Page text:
She has walked more than 10,000 miles, along the banks of numerous rivers and lakes, and now Ojibwe grandmother Josephine Mandamin, Wikwemikong First Nation, has been recognized for her years of effort by a Lieutenant Governor’s Ontario Heritage Award.
The founder of the Mother Earth Water Walk was one of seven people recognized for Excellence in Conservation on Friday February 26 by the Ontario Heritage Trust, which works to identify, protect, renew and promote the diversities of nature and culture that keep the province vibrant. The awards are given annually for “exceptional contributions to conserving Ontario’s cultural and natural heritage,” according to the Ontario Heritage Trust site.
Mandamin was recognized for her role in founding the Mother Earth Water Walk in 2003 as well as for holding symposiums and conferences in First Nations communities. She has walked the perimeter of all the Great Lakes, and numerous other waterways—for a total of more than 10,500 miles over the past five years.
“Ms. Mandamin is one of the two founding Grandmothers who started Water Walks,” the heritage site said. “She has performed these walks throughout Canada, Central America and the United States, and is one of three official Commissioners of the Anishinabek Women’s Water Commission who work to improve dialogue, communication and relations between the Anishinabek Nation (comprised of 39 First Nation communities), the government of Canada, and interested businesses, organizations and individuals.”
Mandamin, who lives in Thunder Bay, Ontario, has gotten more than 100 First Nation communities to sign the First Nations Great Lakes Water Accord, the heritage site noted, as well as mentored First Nations citizens and youth. Her goal, as she told Indian Country Today Media Network back in 2011, is to make people aware of their dependence on water, as well as their connection to it.
“We want to raise the collective consciousness of people about the water,” Mandamin said, suggesting that people make it a daily practice to thank the water. “You will likely feel a lot better and better united with the water. It is human, it can sense, it can feel, it can hear what you’re saying.”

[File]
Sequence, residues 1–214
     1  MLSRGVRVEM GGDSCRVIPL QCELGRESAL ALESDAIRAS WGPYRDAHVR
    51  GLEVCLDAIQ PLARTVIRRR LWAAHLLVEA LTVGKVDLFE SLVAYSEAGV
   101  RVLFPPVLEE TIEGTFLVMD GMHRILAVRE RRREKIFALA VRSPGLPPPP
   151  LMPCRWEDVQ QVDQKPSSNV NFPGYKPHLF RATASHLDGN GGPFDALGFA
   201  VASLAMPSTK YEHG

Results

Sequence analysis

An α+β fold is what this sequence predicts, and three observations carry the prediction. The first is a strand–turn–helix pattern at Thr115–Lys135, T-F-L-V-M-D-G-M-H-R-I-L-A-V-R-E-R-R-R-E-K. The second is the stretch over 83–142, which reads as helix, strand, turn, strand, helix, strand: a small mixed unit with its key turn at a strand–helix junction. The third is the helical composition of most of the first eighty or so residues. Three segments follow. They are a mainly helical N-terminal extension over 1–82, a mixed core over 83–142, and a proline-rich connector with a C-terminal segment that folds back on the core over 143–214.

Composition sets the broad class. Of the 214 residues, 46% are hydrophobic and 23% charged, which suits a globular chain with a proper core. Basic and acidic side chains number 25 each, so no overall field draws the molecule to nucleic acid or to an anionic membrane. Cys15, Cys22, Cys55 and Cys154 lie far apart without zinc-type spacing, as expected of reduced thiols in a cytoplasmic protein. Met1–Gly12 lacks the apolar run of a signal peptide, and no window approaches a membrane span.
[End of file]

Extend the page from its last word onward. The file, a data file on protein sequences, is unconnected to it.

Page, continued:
She was also quoted in a statement from the Union of Ontario Indians.
“I will go to any lengths to and direction to carry the water to the people,” Mandamin has said. “As women, we are carriers of the water. We carry life for the people. So when we carry that water, we are telling people that we will go any lengths for the water. We’ll probably even give our lives for the water if we have to. We may at some point have to die for the water, and we don’t want that.”
The Union of Ontario Indians also lauded Mandamin’s accomplishments, and expressed gratitude for her award.
“Elder Josephine Mandamin has walked the shorelines of five Great Lakes as well as in all four directions of Turtle Island,” said Grand Council Chief Patrick Madahbee of the Anishinabek Nation, the Union of Ontario Indians, in a statement. “She takes care of the lifeblood of Mother Earth—water. Josephine has been bringing awareness about pollution, laws, fracking and the selling of the water. I congratulate her on such a great honor.”
Other recipients of the 2015 Lieutenant Governor’s Ontario Heritage Awards include seven recipients of the Lifetime Achievement Award “for volunteer contributions to the conservation of community heritage over a period of 25 years or more”; 72 Youth Achievement Awards “for exceptional voluntary contributions to heritage conservation by youth age 24 and under”; an Excellence in Conservation Award for seven projects, including Mandamin’s, and a Community Leadership Award “for exemplary leadership, commitment, creativity, positive impact on community and good conservation practices,” the Heritage Trust said.